The Inspectional Services Department (ISD) is working closely with the Office of Environment, Energy and Open Space to get the word out and will work on the enforcement aspect after the program gets started as well.
The Weights and Measures division of ISD will start in mid-December by checking on bigger retailers and by mid-summer will inspect the smallest businesses. A system of graduated penalties will be in place from a warning to $100 fines for repeat offenses.

Cook and staff member Stephanie Acquario, who is working to get the word out about the shopping bag changes, emphasized in the interview that the goal of the ban is for shoppers to bring their own reusable bags. Thin bags may still be used for produce, meats, frozen foods, laundry and dry cleaning, and newspapers.

Acquario and ISD Commissioner Buddy Christopher have been going to community meetings to talk about BYOB. Acquario, who spoke at the JP Business and Professional Association board meeting last month, said she has gotten word to the Elderly Commission and Boston Main Streets programs. They are sending 22,000 letters to businesses and residents, as well as putting up flyers.

Everyone can help get rid of polluting bags by telling friends and neighbors how and where they can learn more. For more information, anyone can visit, email Stephanie Acquario at [email protected] or call 617-635-1761 or even 311.

• CCE is not as far along as BYOB. Individual residents and business people won’t be asked to sign on for many months. Meanwhile, fans of electricity powered by more renewable sources in Boston can be happy that the state’s CCE implementation process that seemed bogged down in June is in full swing now and will include community input all the way.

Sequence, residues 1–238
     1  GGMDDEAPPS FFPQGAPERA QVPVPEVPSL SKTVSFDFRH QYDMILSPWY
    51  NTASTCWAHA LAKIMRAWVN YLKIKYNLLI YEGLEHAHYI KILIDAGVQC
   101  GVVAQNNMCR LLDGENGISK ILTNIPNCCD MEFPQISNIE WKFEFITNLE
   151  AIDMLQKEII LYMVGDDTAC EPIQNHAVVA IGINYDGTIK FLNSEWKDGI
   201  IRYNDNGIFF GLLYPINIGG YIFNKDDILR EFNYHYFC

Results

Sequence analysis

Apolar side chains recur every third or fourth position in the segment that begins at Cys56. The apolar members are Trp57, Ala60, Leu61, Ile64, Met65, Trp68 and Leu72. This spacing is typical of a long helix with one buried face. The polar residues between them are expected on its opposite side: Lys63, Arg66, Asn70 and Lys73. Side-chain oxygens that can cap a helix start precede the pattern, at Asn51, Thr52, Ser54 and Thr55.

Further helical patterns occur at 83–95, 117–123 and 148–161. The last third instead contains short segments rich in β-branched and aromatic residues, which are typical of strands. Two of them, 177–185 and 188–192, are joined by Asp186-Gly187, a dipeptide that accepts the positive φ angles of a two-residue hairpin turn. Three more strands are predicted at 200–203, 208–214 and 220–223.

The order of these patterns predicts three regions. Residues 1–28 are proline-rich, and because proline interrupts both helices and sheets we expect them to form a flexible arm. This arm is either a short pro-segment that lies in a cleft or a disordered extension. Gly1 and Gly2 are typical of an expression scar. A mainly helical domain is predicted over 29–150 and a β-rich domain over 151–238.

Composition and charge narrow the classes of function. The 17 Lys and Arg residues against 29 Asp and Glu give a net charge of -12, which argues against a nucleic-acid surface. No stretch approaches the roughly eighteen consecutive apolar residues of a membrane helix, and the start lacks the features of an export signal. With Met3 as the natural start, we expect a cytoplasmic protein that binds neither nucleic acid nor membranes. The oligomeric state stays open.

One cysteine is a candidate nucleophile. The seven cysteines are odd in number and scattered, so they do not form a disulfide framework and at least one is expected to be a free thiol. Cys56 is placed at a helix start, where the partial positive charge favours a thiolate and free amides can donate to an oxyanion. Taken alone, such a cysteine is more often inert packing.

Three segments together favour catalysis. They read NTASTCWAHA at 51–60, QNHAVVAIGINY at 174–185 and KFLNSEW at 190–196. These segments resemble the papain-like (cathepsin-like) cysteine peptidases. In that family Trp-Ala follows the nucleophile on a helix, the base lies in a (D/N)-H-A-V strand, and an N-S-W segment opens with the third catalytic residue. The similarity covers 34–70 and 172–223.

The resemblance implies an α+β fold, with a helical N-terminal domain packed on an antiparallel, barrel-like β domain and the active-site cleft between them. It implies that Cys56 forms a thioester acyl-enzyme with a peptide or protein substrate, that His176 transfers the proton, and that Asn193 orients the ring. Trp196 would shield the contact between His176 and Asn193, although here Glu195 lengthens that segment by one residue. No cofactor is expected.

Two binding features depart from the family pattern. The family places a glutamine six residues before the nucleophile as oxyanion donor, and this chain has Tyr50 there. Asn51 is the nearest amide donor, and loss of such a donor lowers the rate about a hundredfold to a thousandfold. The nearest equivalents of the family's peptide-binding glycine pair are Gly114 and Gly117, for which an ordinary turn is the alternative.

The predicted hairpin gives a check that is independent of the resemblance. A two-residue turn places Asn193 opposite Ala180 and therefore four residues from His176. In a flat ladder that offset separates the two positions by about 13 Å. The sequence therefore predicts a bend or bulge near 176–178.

After putting out a Request for Qualifications from consulting firms in late August, the City has two finalists, Cook said. The consultant will help research sources of renewable energy. Electricity will still be billed and distributed by Eversource.

Lauren Zingarelli, director of Communications and Community Engagement for the Office of Environment, Energy and Open Space, said in a follow-up email to the interview that the next step will be to select a preferred vendor.
As is also spelled out in the CCE process, the City is putting together what Cook is calling a “flexible working group” made up of community people active and interested in this issue that he hopes to convene before the end of this year.

Boston Climate Action Network, which often meets in JP, will be among many asked to participate.

It will be a year and a half before the City has a plan to present to the Department of Public Utilities, Cook said. “We will ask for and need broad-based community support” as it is put together, he said.

When it comes to ordinary people helping to reduce carbon pollution, Cook and Zingarelli also touted Mass Save. The City, through the Mass Save program, can help Boston residents reduce their energy use in their homes, they said. Mass Save offers resources and helpful tips at

As Cook said at the beginning of the interview, it took a while for problems with the environment to develop, and it takes time to fix them.

We need to ramp up what we’re doing, including encouraging friends and neighbors to do the same, right here in Jamaica Plain.

Sandra Storey is founder and former publisher and editor of the Jamaica Plain Gazette.